Vince, from the country to the North

I remember how excited I was when the new TV deal with NBC was announced. I thought finally they are going in the right direction. Listening to Scott Goodyear explain everything like he is talking to a four-year-old was frustrating, however nowhere near as frustrating as having IndyCar throw its Canadian fans under the bus with this awful 2019 SportsNet deal. It seems quite clear that IndyCar does not care about its Canadian fans. I live in Vancouver and subscribe to Telus TV, where SportsNet World is an extra $15 per month. So, if I were to subscribe for the seven months that IndyCar is racing – excluding the eight races that will be on NBC along with Toronto, which will air on SportsNet 360 – it works out to about $22 per race. As they say on Shark Tank, for that reason, I’m out.

Mark Pooley

I’m a nearly lifelong IndyCar fan from the West Coast of Canada and was dismayed reading today’s news about the 2019 TV package for the series in Canada. We went from having every race on our basic cable sports channels (Sportsnet, Sportsnet One, or Sportsnet 360) last year to now having most races air on an expensive, super-niche sports channel (Sportsnet World) which no-one I know subscribes to and has no other programming of interest to me. The other option is to subscribe to a service from Sportsnet for cable-cutters (Sportsnet NOW+), which is extremely expensive because it includes all the stick-and-ball sports (NHL, MLB, NBA, etc.)

I’ve loved where the series has been going these last few years and had a great experience attending my first race last year when the series returned to Portland International Raceway. However, this new TV deal feels like a big step backwards. I know TV deals are complicated business, but I feel like IndyCar and/or Sportsnet really dropped the ball here by decimating the availability of coverage for the series in Canada. I wrote an email to IndyCar, Sportsnet, and Honda Canada voicing my displeasure with the situation, and although things looks grim right now, I’m still hopeful we can return to good coverage for the series in Canada this season.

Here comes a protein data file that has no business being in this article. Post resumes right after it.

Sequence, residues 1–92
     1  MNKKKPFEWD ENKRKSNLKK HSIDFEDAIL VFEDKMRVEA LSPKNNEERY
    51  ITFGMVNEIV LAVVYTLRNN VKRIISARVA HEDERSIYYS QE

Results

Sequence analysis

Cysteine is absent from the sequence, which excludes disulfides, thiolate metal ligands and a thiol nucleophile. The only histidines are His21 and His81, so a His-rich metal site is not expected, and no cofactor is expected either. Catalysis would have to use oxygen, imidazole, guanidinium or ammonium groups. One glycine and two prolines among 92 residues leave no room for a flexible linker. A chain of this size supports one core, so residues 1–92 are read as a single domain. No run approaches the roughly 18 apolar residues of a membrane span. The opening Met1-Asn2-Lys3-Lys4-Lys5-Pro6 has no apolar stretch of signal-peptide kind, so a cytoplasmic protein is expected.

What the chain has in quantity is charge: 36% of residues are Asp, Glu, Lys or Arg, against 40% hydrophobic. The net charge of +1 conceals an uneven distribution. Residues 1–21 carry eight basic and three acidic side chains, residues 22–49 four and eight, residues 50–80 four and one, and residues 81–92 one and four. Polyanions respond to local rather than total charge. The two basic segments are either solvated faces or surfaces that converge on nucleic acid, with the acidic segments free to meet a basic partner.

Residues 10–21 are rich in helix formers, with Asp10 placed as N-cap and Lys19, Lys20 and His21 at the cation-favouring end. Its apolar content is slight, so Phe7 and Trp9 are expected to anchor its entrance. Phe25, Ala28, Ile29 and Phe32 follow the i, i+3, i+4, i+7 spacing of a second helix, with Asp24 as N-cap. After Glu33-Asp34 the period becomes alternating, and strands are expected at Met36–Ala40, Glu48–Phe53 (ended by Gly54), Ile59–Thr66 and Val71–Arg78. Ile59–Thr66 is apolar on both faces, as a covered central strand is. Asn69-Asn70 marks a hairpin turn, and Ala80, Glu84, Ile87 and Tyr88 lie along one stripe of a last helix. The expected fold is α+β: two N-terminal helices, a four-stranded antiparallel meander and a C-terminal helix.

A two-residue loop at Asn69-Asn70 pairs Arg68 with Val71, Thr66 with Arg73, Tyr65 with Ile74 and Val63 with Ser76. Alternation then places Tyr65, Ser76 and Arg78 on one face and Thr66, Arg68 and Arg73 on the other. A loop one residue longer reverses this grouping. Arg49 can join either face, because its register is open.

Mark McLaren, North Vancouver, British Columbia

It’s looking pretty bleak up here for any coverage in Revelstoke, BC. I’m on Telus Optik TV, which comes to me along with my internet connection via a fiber optic cable. This is the only available coverage here unless I get a satellite dish and sign up for some other provider. Needless to say, I’m not impressed. For the past several years, coverage has been on SportsNet. They don’t show anything on the auto racing page on their website. No mention of IndyCar at all. I’ve checked the channel guide and did a program search, and there is nothing scheduled for the race on Sunday. The NBC channel we get doesn’t show anything, either. If I’m not going to be able to watch the race on my large screen TV, I may as well forget about IndyCar and find something else to do. I’m definitely not going to watch the race on a puny computer screen. IndyCar is in jeopardy of losing a lot of fans up here in Canada if they don’t get their act together. How long do you think the Toronto race will last if nobody in Canada can watch it on TV? The sponsors won’t get the exposure they expect if the race isn’t broadcast up here.

Doug Mayer, Revelstoke, BC

MX-5 Cup | Round 2 – Daytona | Livestream